Saturday, January 31, 2009

I Been Zombie-fied!

Here is a link to a story that made me laugh, a whole lot:

It also made me ask myself, why are zombies so damned popular? George Romero's 1968 film Night of the Living Dead basically started an entire sub-genre of horror films. Since then, there have been countless imitators and extrapolators. There are zombie clubs, zombie crawls, zombie flash mobs and even zombie weddings. Danny Boyle invented the "fast-zombie" in 28 Days Later and Zack Snyder followed suit in his 2005 update of Dawn of the Dead. Mel Brooks' son, Max, wrote the hilarious "The Zombie Survival Guide" and the overrated "World War Z" (currently in pre-production) and even Romero is at work on his sixth film in the series, currently titled ...of the Dead.

So what is so fascinating about the Living Dead? For me, it's the humor (both intentional and non) that permeates the genre. Dark and grim? Certainly. Hilarious? Without a doubt. Zombie movies allow us to view ourselves in a different light; stripping away the civility and moral decency we afford ourselves and reducing human beings into little more than mindless consumers, bringing about our own destruction through the depletion of our resources. When everyone is dead and there is no living flesh left on which to feed, won't the zombies eventually starve and rot away, giving rise to the Giant Cockroach Society which will eventually rule the planet? But I digress.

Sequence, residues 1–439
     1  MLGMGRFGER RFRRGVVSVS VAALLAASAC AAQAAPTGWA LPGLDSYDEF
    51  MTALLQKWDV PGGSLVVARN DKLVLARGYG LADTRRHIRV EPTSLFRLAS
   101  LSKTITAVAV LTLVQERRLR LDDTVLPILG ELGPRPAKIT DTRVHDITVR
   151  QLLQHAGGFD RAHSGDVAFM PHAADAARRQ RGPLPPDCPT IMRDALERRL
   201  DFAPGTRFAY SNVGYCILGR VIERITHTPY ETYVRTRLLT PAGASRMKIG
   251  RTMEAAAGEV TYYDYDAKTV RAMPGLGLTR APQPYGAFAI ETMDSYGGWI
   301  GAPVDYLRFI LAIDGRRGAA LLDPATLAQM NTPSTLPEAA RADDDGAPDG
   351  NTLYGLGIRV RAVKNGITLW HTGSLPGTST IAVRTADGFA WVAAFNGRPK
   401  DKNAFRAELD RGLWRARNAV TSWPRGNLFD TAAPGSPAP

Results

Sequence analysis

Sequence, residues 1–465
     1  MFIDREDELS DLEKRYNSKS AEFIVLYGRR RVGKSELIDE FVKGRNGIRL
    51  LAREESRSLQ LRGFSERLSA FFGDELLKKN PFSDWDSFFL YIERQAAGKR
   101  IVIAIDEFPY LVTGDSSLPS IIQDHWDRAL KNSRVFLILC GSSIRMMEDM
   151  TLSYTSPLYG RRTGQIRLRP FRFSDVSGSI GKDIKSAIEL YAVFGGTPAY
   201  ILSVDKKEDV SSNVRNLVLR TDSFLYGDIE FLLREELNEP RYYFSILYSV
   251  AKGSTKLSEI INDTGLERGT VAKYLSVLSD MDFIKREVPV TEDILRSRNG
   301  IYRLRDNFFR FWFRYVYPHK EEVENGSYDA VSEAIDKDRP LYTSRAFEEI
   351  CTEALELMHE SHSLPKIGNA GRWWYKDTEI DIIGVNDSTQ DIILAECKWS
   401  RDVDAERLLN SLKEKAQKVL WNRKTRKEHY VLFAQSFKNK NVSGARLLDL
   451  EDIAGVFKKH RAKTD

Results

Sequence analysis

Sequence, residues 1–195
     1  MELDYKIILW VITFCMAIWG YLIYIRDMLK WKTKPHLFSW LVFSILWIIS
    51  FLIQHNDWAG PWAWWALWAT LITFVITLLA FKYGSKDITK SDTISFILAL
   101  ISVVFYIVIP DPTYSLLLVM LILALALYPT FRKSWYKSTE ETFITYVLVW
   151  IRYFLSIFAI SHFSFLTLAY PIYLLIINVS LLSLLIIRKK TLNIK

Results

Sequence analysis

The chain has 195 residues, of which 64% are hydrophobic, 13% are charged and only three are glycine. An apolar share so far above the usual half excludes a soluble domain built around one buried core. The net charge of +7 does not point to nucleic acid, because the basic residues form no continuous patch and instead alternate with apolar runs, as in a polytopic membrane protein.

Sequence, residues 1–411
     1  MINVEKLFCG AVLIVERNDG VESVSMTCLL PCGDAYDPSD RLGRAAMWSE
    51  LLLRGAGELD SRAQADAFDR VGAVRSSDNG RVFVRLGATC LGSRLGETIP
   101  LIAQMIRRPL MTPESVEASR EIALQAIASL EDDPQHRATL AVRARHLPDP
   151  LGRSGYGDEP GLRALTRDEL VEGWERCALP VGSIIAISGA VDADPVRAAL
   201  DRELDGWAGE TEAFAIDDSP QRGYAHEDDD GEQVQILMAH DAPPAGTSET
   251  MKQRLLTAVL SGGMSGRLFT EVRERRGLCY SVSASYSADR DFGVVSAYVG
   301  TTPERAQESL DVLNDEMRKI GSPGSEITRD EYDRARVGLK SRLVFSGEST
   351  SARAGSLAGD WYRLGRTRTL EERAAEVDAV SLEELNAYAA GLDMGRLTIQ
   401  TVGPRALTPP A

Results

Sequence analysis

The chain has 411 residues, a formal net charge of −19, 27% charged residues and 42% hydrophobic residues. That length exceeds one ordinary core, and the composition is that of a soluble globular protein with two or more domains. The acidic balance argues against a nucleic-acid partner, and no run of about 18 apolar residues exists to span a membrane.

I think that it's a case of "We have seen the enemy and they are us." The modern flesh-eating zombie is our worst nightmare - a mindless eating machine intent on one thing and one thing only: eating you. Our souls in question; our violence increased and our hunger insatiable, the zombie represents all that is Id and none that is Super-Ego. In other words, us without self-control, the only thing that truly separates us from the lower species.

Or, maybe we just love seeing some blow-hard know-it-all get torn in half, screaming "Choke on 'em!" as he watches his legs get dragged away.

So, thank you, George Romero, for inspiring a genre and many a nightmare.

More, anon.


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